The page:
Imprint shares leap on Alchemy approach

Alchemy Partners is backing an £80 million buyout bid for UK-listed recruitment group Imprint. The company’s shares jumped 20 percent on the news.

Imprint, a UK-listed recruitment business, saw its shares soar yesterday after revealing it had received an £80 million management buyout approach backed by UK firm Alchemy Partners.

The recruitment group’s shares opened up 21 percent at 198 pence after revealing Alchemy’s interest. The buyout firm has made a “preliminary approach” about a 210 pence per share bid, the recruitment group said yesterday in a statement to the stock exchange. This would value the business at £79.5 million, and represents a premium of 28.6 percent to Wednesday’s closing price of 163.25 pence.

The share price climbed as high as 199.25 pence in early trading before slipping back to 185.75 pence by the close.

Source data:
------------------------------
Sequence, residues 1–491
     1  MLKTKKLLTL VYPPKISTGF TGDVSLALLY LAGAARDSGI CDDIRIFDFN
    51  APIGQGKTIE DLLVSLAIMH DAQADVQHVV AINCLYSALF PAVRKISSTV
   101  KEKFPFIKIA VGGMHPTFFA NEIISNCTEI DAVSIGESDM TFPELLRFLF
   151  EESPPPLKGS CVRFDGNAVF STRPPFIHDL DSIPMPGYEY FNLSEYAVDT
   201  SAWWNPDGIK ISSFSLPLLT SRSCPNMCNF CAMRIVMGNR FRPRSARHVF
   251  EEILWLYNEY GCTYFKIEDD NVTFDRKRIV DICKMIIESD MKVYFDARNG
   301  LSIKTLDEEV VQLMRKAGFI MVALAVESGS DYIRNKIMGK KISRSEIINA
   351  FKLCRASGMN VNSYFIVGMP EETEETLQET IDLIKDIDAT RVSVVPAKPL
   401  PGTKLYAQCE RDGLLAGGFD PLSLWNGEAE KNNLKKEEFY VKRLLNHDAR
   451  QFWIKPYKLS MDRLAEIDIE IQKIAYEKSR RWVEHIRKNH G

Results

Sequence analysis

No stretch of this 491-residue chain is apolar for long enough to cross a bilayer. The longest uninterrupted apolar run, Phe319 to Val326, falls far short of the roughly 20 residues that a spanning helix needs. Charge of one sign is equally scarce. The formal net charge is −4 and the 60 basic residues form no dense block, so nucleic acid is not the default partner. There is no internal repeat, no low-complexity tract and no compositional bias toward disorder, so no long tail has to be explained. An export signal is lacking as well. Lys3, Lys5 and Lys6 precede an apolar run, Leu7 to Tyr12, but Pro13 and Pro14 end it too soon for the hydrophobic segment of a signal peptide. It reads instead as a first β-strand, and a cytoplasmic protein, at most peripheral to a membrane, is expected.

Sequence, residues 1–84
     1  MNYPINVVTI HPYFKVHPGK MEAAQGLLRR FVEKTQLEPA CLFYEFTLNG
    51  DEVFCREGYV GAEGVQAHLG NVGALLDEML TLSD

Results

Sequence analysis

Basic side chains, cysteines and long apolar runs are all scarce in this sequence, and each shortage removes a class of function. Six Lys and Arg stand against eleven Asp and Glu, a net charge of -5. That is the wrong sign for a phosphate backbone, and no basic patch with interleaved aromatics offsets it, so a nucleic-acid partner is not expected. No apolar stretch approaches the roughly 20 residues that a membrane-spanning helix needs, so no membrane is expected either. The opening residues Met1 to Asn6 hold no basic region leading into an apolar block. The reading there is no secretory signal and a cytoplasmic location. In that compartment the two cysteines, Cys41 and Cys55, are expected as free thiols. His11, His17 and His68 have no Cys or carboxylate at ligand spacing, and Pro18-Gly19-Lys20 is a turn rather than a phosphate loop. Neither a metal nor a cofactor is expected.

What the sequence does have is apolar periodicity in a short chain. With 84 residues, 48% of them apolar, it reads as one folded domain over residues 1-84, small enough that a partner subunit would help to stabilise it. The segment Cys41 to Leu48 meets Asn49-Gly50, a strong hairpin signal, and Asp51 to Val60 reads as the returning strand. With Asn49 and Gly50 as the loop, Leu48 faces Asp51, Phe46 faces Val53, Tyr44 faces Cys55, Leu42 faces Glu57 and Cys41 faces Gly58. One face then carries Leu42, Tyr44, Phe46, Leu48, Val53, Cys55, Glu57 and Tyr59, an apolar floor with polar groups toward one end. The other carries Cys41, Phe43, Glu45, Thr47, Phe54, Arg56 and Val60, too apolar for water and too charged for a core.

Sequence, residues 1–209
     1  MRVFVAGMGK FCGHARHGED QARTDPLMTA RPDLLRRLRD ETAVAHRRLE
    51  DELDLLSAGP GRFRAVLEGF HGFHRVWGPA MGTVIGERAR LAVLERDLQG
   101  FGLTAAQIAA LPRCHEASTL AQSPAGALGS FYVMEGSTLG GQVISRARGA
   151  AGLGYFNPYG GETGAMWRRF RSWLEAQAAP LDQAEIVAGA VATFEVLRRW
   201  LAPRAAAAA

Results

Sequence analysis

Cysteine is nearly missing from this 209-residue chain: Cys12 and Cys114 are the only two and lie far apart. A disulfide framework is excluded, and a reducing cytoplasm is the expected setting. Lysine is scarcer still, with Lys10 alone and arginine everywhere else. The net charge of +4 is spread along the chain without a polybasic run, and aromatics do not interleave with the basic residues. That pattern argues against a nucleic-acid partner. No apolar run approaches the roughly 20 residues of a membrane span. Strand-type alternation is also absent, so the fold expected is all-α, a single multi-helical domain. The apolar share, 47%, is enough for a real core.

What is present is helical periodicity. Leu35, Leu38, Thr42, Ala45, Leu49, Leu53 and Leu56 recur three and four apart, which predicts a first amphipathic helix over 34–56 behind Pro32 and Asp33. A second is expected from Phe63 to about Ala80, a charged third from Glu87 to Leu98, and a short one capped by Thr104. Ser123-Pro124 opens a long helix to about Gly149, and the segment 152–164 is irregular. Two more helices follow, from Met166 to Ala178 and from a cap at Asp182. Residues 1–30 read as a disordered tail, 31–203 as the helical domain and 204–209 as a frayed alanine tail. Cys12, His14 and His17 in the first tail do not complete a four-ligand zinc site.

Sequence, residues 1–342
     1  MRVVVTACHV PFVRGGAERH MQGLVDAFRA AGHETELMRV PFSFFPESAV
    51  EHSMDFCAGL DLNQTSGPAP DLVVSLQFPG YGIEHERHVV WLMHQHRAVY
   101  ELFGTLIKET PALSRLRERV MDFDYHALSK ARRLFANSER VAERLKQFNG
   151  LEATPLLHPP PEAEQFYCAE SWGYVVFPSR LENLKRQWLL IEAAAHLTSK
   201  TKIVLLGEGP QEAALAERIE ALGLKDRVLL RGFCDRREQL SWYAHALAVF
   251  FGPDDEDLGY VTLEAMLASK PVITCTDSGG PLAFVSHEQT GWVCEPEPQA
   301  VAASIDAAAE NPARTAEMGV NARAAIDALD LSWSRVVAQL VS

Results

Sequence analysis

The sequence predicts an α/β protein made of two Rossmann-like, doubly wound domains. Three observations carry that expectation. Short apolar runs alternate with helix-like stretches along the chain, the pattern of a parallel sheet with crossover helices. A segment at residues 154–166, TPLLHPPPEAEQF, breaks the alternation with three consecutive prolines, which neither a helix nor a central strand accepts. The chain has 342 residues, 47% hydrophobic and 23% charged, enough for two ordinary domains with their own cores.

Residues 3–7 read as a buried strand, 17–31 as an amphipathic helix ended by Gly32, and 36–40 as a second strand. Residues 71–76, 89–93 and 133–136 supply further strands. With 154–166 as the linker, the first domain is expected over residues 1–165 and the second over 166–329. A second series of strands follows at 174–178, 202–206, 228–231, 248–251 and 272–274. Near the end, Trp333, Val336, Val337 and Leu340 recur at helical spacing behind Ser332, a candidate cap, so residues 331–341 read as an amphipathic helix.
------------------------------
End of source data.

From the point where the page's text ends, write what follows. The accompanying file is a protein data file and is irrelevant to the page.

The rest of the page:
Alchemy is backing a management buyout led by “certain executive directors”, according to Imprint. An independent committee has been set up to consider the bid.

The recruiter, which listed on London’s Alternative Investment Market in 2001, operates mainly in the banking and financial services sector. It trades under two organically-grown brands, Imprint Search & Selection and WoodHamill, and has also acquired four others: Accreate, ECHM, Morgan McKinley, and Dubai-based iQ selection, a full-service agency. It employs about 500 people in nine countries.

Alchemy, the UK buyout firm led by outspoken managing partner Jon Moulton, prides itself on its ability to do “difficult deals”. The firm has made a number of investments in the business services sector, including UK temporary recruitment business Right4Staff, which it bought for £28 million in 2002.

Imprint stressed that discussions were at an early stage, and that “there can be no certainty that this approach will lead to an offer being made for the company”.

At 09:56 BST on Friday morning, Imprint shares were trading at 185 pence, down 0.4 percent, giving the company a market capitalisation of £70.4 million.

The deal would be a further indication that small and mid-market buyouts are still able to attract financing despite the recent troubles in the credit markets, which have hit large buyout transactions on both sides of the Atlantic.